She’s a tough cookie who has a genuine heart for God. The worst word I’ve ever heard her say is ‘jerk’. She’s feistier than she lets on, but dad isn’t the only one I get it from. She’s a woman who lost her father in her early twenties and never let that interfere with her love for her step-dad, the grandfather that I grew up with. She waited eight years to marry my dad and has been married to him for thirty years. They got married and she moved back home because dad was deployed days later. She’s moved with my father countless times because of his job- uprooted the family and moved on because it was what was best for the family at the time. She watched my brother suffer through treatments for neuroblastoma as an infant. She took time to read to me every night before bed when I was a little girl. She made it a goal in life to create a good and successful relationship with me, her daughter. She was a Girl Scout and Cub Scout troop leader. She made ninety percent of halloween costumes (she’s fabulous at a sewing machine). She made God, home and family her top priorities. She survived my middle-school teen years- WHAT EVER. She let me work in Michigan after my freshman year in college- in which I had to get there by myself. She didn’t tell me I was crazy when I said I wanted to teach art- she was, however, probably thinking it when I took this new job that entails a pay cut. She watched me marry a wonderful man and move away without being resentful but fully supportive. She has watched my brother grow into a young man. A young man who recently graduated from the Naval Academy and is now a 2nd Lt. in the Marine Corps. And now she is about to retire after 32 years of Federal Service. My mom is awesome. She is strong and lovely. She’s proud of me, but I am very proud and very grateful for a mother like her.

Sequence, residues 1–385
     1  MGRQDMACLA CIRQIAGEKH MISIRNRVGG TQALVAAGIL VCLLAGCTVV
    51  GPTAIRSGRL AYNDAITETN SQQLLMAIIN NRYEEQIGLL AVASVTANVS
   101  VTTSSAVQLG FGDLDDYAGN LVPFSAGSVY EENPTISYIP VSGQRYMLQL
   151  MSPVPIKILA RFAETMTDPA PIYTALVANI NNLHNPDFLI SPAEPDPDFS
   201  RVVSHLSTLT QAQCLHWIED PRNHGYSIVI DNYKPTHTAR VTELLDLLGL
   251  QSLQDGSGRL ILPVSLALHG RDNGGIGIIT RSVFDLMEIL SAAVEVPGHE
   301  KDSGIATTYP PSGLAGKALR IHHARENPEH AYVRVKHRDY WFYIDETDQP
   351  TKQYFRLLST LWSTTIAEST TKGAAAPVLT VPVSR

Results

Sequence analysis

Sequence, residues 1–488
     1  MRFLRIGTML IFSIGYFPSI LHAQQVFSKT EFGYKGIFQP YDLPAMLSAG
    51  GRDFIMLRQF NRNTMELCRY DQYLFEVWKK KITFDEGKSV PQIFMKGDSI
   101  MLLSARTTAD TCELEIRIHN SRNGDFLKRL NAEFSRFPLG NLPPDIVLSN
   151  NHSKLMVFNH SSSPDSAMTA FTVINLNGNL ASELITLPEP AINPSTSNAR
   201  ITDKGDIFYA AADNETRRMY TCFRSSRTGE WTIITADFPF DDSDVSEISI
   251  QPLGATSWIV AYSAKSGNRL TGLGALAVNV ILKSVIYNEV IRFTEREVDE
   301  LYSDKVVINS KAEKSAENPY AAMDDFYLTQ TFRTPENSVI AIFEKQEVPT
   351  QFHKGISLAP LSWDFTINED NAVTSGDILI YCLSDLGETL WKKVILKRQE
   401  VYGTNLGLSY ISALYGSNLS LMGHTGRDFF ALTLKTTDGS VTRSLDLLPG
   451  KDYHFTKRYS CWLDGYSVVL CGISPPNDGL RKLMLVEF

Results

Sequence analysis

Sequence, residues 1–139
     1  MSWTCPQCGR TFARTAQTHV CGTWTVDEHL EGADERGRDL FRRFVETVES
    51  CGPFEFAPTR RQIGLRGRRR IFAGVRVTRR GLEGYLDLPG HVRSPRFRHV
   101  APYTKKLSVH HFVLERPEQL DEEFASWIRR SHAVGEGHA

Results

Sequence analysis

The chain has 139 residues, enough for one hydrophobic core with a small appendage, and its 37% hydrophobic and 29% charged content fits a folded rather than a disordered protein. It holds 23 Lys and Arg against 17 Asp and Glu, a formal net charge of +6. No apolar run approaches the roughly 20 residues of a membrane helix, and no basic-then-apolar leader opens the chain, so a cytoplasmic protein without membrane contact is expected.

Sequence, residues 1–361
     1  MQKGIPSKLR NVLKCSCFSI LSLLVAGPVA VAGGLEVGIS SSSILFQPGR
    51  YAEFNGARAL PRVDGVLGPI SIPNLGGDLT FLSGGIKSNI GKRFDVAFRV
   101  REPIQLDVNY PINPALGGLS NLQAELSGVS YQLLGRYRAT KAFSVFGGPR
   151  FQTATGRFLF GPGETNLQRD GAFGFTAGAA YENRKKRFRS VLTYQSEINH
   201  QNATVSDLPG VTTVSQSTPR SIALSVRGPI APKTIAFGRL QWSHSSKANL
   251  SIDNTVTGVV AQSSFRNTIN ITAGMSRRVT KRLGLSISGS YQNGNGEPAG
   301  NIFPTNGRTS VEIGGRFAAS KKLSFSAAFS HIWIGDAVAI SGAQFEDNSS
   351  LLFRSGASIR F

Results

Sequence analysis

I love you mom! Happy retirement (and I’ll see you in June!)

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I like shiny things

I like things that sparkle and shine. Magnets are no exception. This is something I’ve been creating lately- magnets using recycled magazine pictures. What do you think?